One of the most daunting challenges for IT professionals is managing service accounts. These are the privileged accounts that run automated business processes and are used by applications, not people. They can be stored in services, tasks, COM objects, IIS, SharePoint, databases and applications.
A single service or process account may be referenced in multiple places. Since these accounts are interconnected, a password change can potentially lock out the account and cause cascading system failures if performed incorrectly. Knowing this, many organizations simply choose to ignore the issue, rather than risk downtime.
To manually change these credentials, you have to identify everywhere the service account is in use. But that’s only half the battle. You must also change the service account password wherever it is used.
BeyondTrust Privileged Identity can rotate service account credentials without interrupting systems and causing downtime.
Privileged Identity is able to discover every location throughout the network that a service account is referenced. And it can dynamically discover service account enumeration prior to changing service account passwords every time it executes a password change job.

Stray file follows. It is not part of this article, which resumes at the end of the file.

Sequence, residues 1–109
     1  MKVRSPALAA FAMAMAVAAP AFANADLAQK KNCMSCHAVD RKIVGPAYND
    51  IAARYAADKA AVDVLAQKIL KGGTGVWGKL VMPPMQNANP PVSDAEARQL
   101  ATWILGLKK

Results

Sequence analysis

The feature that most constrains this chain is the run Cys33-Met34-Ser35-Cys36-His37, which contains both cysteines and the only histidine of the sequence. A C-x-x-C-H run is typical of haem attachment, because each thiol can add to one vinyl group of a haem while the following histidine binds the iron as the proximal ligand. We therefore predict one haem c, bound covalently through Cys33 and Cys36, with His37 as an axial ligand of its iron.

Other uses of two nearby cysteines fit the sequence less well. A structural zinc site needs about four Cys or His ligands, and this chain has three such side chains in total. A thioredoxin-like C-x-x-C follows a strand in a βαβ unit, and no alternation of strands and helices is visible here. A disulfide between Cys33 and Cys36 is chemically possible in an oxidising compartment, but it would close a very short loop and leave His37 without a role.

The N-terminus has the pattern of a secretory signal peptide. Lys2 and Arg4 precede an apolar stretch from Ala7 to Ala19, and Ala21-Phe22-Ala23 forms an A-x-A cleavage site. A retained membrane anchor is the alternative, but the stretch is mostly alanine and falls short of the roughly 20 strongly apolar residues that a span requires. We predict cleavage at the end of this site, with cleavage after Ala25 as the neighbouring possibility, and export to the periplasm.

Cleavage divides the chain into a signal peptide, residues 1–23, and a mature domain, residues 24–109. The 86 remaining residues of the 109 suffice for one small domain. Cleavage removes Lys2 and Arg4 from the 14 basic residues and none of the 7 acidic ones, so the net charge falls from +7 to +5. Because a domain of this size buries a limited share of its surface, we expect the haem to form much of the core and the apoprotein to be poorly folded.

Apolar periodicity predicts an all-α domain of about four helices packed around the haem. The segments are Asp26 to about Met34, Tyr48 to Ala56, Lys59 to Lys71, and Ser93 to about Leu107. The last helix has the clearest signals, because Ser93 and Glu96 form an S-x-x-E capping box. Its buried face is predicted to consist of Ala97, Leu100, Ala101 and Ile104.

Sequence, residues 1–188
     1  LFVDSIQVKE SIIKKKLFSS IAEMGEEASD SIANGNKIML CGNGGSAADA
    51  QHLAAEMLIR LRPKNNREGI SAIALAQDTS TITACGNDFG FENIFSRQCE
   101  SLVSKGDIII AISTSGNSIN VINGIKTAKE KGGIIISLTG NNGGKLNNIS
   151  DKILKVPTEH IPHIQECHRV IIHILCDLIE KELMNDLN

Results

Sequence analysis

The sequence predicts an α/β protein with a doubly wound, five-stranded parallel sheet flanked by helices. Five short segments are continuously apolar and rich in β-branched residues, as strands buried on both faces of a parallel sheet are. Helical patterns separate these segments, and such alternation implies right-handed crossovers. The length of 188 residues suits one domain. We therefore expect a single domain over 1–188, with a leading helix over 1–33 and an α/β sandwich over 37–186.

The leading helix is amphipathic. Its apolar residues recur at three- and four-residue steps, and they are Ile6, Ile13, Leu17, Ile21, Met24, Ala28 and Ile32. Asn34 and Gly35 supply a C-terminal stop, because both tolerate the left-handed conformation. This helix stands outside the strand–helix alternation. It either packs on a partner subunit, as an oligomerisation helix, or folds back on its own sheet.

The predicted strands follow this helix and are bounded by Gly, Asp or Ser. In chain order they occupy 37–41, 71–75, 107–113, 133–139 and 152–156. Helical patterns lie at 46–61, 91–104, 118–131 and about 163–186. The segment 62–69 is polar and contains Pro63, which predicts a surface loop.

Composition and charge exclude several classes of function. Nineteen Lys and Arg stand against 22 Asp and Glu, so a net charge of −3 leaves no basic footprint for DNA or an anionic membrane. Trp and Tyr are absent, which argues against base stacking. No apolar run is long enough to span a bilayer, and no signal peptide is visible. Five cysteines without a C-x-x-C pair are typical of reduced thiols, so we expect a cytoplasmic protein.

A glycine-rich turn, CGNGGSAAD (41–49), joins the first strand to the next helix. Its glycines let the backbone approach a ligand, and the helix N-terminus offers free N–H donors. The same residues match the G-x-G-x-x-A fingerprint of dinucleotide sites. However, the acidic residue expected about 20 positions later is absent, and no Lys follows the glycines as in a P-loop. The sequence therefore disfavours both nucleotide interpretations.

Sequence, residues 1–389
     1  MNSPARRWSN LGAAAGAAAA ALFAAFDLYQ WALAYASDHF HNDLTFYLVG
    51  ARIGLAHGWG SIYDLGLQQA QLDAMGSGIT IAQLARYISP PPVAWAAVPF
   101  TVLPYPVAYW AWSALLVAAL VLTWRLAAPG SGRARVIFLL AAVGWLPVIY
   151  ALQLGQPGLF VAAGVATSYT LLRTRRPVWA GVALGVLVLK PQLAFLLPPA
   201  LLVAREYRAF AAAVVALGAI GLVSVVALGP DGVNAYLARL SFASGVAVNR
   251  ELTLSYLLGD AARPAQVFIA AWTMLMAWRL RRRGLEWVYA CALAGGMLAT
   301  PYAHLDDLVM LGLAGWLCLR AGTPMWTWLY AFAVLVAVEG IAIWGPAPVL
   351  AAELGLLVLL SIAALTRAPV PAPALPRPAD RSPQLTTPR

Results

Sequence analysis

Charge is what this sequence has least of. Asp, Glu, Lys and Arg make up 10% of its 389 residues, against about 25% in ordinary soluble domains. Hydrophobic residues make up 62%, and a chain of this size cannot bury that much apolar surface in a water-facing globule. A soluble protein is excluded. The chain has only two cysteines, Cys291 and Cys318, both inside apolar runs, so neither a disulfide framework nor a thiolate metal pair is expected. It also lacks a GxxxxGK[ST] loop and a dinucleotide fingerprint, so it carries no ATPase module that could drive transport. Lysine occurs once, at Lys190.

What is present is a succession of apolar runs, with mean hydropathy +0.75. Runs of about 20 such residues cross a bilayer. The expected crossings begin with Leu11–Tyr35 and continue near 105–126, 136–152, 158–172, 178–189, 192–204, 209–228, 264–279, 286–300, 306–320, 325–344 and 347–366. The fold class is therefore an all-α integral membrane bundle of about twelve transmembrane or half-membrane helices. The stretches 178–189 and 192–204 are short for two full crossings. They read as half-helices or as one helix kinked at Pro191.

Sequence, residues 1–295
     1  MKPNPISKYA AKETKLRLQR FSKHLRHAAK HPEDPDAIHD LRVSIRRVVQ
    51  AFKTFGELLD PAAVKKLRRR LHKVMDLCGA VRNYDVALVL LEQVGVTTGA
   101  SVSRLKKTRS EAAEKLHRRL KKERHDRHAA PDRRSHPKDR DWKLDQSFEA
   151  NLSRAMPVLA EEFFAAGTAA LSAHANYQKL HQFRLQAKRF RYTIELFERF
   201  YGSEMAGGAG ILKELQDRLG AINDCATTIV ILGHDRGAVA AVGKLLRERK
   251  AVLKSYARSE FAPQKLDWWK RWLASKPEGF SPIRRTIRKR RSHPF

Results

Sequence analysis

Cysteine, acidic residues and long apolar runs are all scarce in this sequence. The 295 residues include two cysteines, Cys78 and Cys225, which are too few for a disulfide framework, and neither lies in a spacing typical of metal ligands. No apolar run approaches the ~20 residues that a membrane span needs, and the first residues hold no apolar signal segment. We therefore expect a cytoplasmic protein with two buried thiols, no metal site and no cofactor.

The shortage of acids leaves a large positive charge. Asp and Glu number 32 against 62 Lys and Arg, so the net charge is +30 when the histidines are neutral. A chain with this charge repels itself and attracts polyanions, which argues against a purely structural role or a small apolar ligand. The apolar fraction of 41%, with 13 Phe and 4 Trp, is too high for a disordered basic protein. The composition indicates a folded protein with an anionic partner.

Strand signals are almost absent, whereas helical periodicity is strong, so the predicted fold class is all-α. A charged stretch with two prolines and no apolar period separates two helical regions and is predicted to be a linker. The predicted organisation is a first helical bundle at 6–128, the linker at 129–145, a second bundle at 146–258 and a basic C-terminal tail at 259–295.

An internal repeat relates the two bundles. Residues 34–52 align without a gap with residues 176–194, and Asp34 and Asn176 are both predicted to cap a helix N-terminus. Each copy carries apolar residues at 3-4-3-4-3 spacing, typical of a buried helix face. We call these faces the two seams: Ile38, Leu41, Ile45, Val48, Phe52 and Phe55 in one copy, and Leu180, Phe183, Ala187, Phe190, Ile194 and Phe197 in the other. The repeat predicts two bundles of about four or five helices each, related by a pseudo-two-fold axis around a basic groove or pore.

In large enterprise environments, with thousands of service accounts, Privileged Identity removes the need to dedicate massive amounts of time and resources to manually maintain a catalog of managed services.
BeyondTrust Privileged Identity can propagate new service account credentials to all places where they are used. Discovery occurs every time the password change job runs to ensure that the items managed are up to date.
With Privileged Identity's comprehensive accuracy and coverage you can avoid the systems failures and downtime caused when service accounts are not updated with the newly changed password.
BeyondTrust Privileged Identity also features industry-unique pooled account rotation. This capability prevents service disruptions that occur when systems become unreachable during password change jobs because of network issues or systems maintenance events.
When you create a password change job you can configure an "account pool" containing any number of accounts you choose. From then on, when your password change job runs, it advances through the accounts in the pool — leaving previous passwords in the pool unchanged until it’s eventually their turn to be randomized and propagated.
Any systems that can’t be reached during a password change job can still reference previous valid credentials from the account pool. This prevents service disruptions and lockouts triggered by network latency, system downtime, and other issues — even when target systems are unreachable.